Alternative dispute resolution

In the legal world, alternative dispute resolution (“ADR”) is any means of settling disputes outside the courtroom. Because of overcrowded court dockets in many states, both mandatory and voluntary ADR programs are becoming more common.

The two most frequently used forms of ADR are arbitration and mediation. Arbitration is a simplified version of a trial. Either both sides agree on one arbitrator, or each side selects one arbitrator, and the two arbitrators elect a third to its panel. Arbitration hearings can take a few hours or a couple of weeks. The opinions are not public record. Mediation is less formal. It’s used for resolving a wide gamut of case types.

“The size of a dispute does not say whether it’s going to court or mediation,” notes Tom Allen, a partner and head of the Reinsurance Practice Group at White and Williams. “For instance, mediation played a very big role in huge cases between various governments and Microsoft.”

Smart Business asked Allen more about alternative dispute resolution, and here’s what he said.

In your experience, what are the most common kind of disputes that corporate managers seem to face?

Any kind of a dispute involving contracts, ranging from a contract to sell something or a contract to buy a business — which is always very dicey — to a contract of insurance. Corporations are also involved in employment disputes of all kinds.

What are the most common ways of settling those disputes?

If it’s enough of a dispute, the most common way is to go to court. That gets you involved in a very formal process that is a pathway to resolution. However, courts are expensive; they can take a long time; and there is a bit of uncertainty about whether you’ll really get a knowledgeable resolution.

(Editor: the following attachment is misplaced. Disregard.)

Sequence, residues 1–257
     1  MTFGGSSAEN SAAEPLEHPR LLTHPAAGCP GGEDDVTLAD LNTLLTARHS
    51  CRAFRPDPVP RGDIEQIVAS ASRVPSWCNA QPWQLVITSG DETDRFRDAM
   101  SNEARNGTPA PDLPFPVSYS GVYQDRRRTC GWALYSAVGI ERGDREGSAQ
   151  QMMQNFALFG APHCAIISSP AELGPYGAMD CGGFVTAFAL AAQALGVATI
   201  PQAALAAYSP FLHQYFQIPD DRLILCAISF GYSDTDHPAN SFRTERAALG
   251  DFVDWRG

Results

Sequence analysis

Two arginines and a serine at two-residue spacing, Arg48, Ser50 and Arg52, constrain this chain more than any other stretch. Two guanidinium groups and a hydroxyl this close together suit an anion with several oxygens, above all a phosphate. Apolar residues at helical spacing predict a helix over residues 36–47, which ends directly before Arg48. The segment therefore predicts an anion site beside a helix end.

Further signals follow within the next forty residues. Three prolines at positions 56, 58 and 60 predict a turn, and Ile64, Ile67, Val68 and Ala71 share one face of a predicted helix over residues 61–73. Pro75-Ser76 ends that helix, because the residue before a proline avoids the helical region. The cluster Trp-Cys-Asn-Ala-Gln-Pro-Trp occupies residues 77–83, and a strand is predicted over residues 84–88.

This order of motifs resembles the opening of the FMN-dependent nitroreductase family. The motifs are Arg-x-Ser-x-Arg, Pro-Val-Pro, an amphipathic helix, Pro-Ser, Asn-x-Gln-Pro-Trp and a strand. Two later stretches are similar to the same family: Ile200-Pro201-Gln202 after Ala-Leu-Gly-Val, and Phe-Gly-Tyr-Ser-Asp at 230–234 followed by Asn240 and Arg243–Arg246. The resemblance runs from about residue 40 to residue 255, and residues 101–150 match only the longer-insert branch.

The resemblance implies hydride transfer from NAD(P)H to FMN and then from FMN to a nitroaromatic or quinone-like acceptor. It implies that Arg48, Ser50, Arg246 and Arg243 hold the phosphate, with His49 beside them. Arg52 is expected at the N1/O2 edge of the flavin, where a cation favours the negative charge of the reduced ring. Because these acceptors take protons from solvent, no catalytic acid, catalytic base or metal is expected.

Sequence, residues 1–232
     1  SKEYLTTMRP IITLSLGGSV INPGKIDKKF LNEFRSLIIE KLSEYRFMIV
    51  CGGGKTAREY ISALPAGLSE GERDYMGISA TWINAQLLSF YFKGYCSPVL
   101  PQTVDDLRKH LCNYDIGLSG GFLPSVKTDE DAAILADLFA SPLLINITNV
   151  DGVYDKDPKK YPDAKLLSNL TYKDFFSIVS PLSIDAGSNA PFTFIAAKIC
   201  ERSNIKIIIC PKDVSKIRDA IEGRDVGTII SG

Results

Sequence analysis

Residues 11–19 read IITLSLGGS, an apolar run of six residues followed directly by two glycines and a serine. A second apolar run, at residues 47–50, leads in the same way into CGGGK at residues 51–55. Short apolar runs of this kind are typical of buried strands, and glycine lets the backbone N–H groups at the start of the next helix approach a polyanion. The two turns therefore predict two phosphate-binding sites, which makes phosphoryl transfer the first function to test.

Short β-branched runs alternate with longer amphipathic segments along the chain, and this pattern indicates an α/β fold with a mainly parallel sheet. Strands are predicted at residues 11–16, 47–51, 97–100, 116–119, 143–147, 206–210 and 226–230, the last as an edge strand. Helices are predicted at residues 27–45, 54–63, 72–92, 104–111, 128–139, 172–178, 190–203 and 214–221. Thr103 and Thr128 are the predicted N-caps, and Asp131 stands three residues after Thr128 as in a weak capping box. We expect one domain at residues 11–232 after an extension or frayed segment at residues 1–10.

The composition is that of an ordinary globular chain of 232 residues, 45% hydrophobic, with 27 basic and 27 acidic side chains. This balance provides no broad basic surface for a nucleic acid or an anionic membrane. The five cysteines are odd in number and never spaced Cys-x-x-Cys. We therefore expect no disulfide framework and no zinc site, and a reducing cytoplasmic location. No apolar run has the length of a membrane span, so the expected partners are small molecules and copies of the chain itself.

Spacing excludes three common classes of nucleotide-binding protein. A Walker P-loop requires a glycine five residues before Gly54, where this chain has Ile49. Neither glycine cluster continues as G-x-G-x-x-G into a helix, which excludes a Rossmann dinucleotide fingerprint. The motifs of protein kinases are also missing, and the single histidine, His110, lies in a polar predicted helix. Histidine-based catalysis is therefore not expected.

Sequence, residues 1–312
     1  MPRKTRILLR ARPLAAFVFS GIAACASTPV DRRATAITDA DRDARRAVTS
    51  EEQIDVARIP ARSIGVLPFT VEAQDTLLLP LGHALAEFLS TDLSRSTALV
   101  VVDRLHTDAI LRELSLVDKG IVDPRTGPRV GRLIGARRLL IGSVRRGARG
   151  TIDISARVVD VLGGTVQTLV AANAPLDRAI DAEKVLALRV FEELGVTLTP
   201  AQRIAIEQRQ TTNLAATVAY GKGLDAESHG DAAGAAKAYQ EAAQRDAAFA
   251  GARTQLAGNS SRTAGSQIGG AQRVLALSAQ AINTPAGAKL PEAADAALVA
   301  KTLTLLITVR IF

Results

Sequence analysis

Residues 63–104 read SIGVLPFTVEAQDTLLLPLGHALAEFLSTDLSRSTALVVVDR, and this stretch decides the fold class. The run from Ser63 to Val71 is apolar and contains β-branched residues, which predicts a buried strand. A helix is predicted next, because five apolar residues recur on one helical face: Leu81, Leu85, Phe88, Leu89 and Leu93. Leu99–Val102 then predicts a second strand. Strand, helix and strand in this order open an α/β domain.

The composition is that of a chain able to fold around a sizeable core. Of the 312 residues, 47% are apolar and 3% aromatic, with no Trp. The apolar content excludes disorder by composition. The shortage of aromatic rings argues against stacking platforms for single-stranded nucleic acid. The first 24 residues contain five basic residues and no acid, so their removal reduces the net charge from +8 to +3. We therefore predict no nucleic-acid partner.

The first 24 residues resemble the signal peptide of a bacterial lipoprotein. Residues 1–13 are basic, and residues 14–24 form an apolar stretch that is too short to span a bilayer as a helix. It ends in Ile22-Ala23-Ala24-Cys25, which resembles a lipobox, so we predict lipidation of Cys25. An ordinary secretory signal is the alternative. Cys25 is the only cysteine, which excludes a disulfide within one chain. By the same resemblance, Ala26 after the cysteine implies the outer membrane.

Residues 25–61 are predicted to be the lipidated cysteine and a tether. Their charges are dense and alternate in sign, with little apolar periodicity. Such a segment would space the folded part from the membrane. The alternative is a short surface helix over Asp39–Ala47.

What are “alternative dispute resolutions”?

Many court systems use alternative dispute resolution as part of their bag of tricks. The most common forms of ADR are arbitration and mediation. Arbitration is a binding process that should be faster, more economical and better than going to court. When you go to arbitration, you try your case in front of one or three arbitrators, and they issue a binding decision. In the mediation process, both sides present their cases to a mediator who tries to work a resolution in the form of a compromise. There is now an industry of capable and experienced mediators who are very, very good at working out disputes.

Are mediators and arbiters lawyers?

Most of the mediators are lawyers.

Arbiters sometimes come from the industry that is involved, so you should get a more knowledgeable fact-finder than a judge or a jury. For instance, if an arbitration clause is written into a reinsurance contract, the arbiter is likely to be involved in the reinsurance industry. Arbitration has a huge advantage over litigation, because it’s more efficient.

How often are contract or corporate lawyers needed for ADRs?

In arbitration, it’s pretty common for both the outside lawyer and inside (corporate) lawyer to be heavily engaged and to take part, just as they would for a lawsuit in court. For mediation, companies often use outside lawyers, too; but sometimes the dispute is less elaborate and formal, so an in-house lawyer or even the businesspeople themselves can handle it.

How do you determine what kind of dispute resolution is the best?

Whether a matter should go into mediation really depends on an assessment whether the parties to the dispute have a substantial overlap of shared interests. If they do, you can capitalize on those interests and work out a resolution. If the relationship between them doesn’t matter — if they’ll never see each other or do business with each other again — then mediation is less likely to be chosen.

With ADR, can both parties come away happy?

If a lawsuit or arbitration goes all the way to verdict, I’d say there’s usually a happy and an unhappy side. A judge simply doesn’t have the power to issue a verdict that’s a sensible compromise. In the litigation and even in the arbitration system, there are lots of pressures to settle.

Mediation is a little bit of a different animal, because the mediator is trying to capitalize on the shared interests of the parties. Some of those professional mediators have a bag of tricks that is dazzling when they employ them. The key is that the mediator is free to be creative to put together a solution. Very often, both sides walk away from a mediation feeling that it was a good process.

TOM ALLEN is a partner at White and Williams LLP and head of the firm’s Reinsurance Practice Group. Reach him at (215) 864-7001 or [email protected].